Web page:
Damian Marley and Professor Green call for medicinal weed legalisation in NME symposium at Parliament

The musicians were joined by Norman Lamb MP, Doctor Frank D’Ambrosio and campaigner Kate Rothwell at the panel discussion in Westminster

Damian Marley and Professor Green joined a panel of experts at an NME event in Westminster tonight (27 June) calling on the British government to legalise cannabis for medicinal use.

They were joined at the discussion by Norman Lamb MP, American cannabis advocate Doctor Frank D’Ambrosio and campaigner Kate Rothwell, whose cousin Oliver has a severe form of epilepsy which is alleviated by cannabis oil. Her petition on Change.org calling for the legalisation of the medicine has received over 250,000 signatures.

The discussion panel

The discussion panel

Speaking about the benefits of cannabis use, Marley said: “We have a saying in Jamaica that: ‘The herb is the healing of the nation.’ With it becoming legal in various places, there’s now slowly more research that proves there is evidence of that.”

“We have a saying in Jamaica that: ‘The herb is the healing of the nation.’ With it becoming legal in various places, there’s now slowly more research that proves there is evidence of that” – Damian Marley

Kate Rothwell and Damian Marley

Kate Rothwell and Damian Marley

In the last week, Home Secretary Sajid Javid intervened in the high-profile cases of Alfie Dingley and Billy Caldwell to grant their mothers temporary permission to legally use cannabis-based medicines to treat their children. He also announced a review into the medical use of cannabis.

READ MORE: It’s time for Britain to legalise marijuana

Norman Lamb, the Liberal Democrat MP for North Norfolk, said that decision was a small step in the right direction: “I think last week was a very significant moment because it was the first time a government has reacted by saying: ‘We’re reviewing it.’ That’s not nearly enough, and we need to keep pushing them constantly to go the whole way, but that was a big breakthrough for this government to do that, and it was because children’s lives were seen to be at risk. They thought: ‘There’s political embarrassment here.’ If we can get medicinal use legalised, just as has happened now in the majority of US states, then you can have a rational debate about full legalisation, which I strongly support.”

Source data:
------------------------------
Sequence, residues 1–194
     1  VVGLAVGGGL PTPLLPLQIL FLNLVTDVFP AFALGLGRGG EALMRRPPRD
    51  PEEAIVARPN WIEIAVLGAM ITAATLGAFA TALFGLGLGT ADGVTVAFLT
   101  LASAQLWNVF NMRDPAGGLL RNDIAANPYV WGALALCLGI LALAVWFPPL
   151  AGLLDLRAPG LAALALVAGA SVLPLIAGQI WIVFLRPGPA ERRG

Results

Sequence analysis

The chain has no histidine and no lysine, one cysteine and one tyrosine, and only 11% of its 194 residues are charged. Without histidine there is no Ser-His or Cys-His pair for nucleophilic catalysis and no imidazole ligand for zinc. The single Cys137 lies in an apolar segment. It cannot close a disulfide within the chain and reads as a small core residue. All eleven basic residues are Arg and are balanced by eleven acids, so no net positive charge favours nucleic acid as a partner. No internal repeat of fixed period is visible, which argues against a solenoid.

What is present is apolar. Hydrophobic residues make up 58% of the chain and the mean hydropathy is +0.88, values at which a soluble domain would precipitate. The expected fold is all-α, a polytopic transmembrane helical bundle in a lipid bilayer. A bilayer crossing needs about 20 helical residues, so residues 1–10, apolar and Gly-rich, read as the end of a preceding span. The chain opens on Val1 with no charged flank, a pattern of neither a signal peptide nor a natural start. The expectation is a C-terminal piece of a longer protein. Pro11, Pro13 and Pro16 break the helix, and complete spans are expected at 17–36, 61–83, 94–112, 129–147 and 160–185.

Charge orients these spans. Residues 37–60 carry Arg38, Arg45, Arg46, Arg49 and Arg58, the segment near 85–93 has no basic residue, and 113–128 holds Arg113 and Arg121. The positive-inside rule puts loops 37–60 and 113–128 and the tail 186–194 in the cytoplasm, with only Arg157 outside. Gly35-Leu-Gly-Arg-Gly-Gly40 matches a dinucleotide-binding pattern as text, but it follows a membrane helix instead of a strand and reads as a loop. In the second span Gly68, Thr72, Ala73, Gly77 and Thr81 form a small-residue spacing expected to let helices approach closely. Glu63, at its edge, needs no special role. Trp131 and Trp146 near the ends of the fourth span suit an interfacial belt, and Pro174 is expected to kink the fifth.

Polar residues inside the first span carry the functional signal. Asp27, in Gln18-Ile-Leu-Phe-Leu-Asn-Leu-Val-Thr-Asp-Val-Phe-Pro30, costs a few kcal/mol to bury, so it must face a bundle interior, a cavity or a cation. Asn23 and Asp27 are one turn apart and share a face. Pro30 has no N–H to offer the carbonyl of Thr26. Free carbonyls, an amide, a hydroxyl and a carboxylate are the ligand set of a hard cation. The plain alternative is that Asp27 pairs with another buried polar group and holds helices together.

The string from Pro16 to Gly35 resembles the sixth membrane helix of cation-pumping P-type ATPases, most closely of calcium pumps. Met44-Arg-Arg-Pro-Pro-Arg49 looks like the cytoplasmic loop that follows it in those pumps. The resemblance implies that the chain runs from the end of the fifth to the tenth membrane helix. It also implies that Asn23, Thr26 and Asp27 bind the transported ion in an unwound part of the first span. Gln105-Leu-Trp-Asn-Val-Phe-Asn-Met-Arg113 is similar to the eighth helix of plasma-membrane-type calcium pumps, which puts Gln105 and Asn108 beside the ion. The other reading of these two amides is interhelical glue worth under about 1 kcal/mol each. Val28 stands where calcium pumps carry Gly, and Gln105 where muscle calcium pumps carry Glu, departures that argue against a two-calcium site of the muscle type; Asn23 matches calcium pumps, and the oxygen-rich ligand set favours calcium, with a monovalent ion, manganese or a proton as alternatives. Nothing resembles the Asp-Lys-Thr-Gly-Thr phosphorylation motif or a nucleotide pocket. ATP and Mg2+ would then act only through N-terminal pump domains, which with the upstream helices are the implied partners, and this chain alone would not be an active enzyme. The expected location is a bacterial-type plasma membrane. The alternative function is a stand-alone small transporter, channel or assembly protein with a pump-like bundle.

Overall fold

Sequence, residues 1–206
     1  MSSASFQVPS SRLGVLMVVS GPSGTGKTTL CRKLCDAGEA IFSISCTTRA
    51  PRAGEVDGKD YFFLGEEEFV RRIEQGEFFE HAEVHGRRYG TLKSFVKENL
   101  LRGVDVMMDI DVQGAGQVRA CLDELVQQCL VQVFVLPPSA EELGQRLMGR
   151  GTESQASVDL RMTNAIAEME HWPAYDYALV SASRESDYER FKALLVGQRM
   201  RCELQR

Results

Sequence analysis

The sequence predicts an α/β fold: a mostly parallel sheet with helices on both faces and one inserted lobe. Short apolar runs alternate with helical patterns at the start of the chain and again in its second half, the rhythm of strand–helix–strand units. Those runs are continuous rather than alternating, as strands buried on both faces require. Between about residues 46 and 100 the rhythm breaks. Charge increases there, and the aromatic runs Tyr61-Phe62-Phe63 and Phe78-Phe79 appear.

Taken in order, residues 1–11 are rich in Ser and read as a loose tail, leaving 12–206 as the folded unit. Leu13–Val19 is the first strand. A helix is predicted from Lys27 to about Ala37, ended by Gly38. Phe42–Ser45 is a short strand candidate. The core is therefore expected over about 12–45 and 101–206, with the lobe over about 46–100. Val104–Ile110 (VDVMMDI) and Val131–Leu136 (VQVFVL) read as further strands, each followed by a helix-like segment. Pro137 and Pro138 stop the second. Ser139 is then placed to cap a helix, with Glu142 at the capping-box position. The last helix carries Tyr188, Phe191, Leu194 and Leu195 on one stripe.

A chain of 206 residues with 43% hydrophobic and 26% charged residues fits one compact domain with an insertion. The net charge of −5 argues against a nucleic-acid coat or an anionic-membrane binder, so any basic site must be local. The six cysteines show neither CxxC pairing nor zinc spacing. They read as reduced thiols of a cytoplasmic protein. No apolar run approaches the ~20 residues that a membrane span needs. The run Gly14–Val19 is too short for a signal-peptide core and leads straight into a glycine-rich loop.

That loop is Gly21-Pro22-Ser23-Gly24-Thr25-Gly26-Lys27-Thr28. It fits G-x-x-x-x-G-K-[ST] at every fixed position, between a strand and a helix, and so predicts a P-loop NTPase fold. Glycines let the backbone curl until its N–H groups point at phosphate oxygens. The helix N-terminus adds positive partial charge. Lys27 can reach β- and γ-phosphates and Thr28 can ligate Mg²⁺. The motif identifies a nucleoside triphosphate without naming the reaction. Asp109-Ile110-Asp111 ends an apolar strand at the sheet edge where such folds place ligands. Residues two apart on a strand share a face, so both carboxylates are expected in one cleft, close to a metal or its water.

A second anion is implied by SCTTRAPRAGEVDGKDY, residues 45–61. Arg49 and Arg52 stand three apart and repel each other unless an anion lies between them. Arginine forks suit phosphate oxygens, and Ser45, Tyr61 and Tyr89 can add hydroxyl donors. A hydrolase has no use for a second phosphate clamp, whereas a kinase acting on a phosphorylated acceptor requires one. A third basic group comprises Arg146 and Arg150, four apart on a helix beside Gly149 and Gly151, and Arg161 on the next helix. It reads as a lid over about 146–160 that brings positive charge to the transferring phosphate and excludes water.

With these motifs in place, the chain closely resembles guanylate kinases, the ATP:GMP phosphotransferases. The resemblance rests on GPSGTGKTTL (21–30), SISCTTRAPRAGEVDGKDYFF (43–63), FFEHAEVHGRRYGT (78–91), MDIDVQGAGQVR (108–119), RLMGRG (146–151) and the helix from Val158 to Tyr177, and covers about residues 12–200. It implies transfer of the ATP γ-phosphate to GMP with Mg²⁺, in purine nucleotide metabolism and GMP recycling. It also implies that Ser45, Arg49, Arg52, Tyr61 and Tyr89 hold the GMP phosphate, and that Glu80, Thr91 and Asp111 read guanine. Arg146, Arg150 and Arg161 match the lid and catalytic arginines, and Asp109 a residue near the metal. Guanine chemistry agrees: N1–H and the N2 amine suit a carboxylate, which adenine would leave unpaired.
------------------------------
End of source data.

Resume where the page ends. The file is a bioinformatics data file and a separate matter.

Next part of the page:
He also praised Kate Rothwell for mobilising support for legalisation with her online petition, which calls on Health Secretary Jeremy Hunt to allow British patients to be prescribe cannabis oil. “I want to pay enormous credit to Kate and her family, because the government wasn’t listening to this at all,” he said. “We were making no progress, there was very limited support in Parliament in terms of people who would actually come out and talk about it. Then you come along, get 250,000 signatures on a petition, and then you have these other cases where children’s lives are potentially at risk and suddenly it feels like the dams are bursting.”

Doctor Frank and Professor Green

Doctor Frank and Professor Green

Rothwell herself spoke movingly about the experiences of her cousin Oliver, who inspired her to start the petition: “About 18 months ago, my aunt and uncle spoke to the hospital who said: ‘You can try cannabis oil. We’re not allowed to prescribe that because obviously it’s not legal as a medication here.’ They bought it online and were delivering it at home, a couple of drops, and the symptoms dropped massively. He was having 20 seizures a day and that dropped down to just a handful, which was completely life-changing for him and for our whole family, really. About a month ago, the doctors turned around and said: ‘We’re really sorry, we thought it was going to become legal sooner than this and our hands are completely tied. You’re going to have to stop giving him the medication.’ They had to, because the NHS couldn’t give them any other medication if he was still on cannabis oil. He came off it, and within 48 hours he had a drop seizure and knocked out his teeth. He’s been having really severe seizures ever since. It’s absolutely devastating, and none of us really knew what to do.”

Professor Green, who last year presented the critically-acclaimed BBC documentary Is It Time To Legalise Weed?, said that he believes tabloid hysteria has contributed to a reluctance among older generations in Britain to consider legalisation: “I think it’s a generational thing, to be honest, and I don’t think we have a very liberal attitude to much. What happens with that is you have a lack of education because things aren’t spoken about. We’re less liberal when it come to many things when you compare us to other parts of the world, and what we get from that is many more problems. It doesn’t help anything, all it does it cause more problems. If something’s underground, it’s not spoken about. It’s all the scare-mongering in the media. How many times do you see ‘cannabis psychosis’ in the newspapers?”

Dr Frank D’Ambrosio, a California-based orthopedic surgeon-turned-cannabis advocate, pointed to his home state as proof that fear-mongering around legalisation is ill-founded: “California is doing just fine. Just because you’re intending to use the cannabis to achieve the psychoactive effect of the THC, doesn’t mean you’re not still getting the benefits. Even though it’s called ‘recreational’, you’re still getting the medical benefits.”

The panel discussion will be broadcast here on NME.com on Friday. You can sign Kate Rothwell’s Change.org petition here.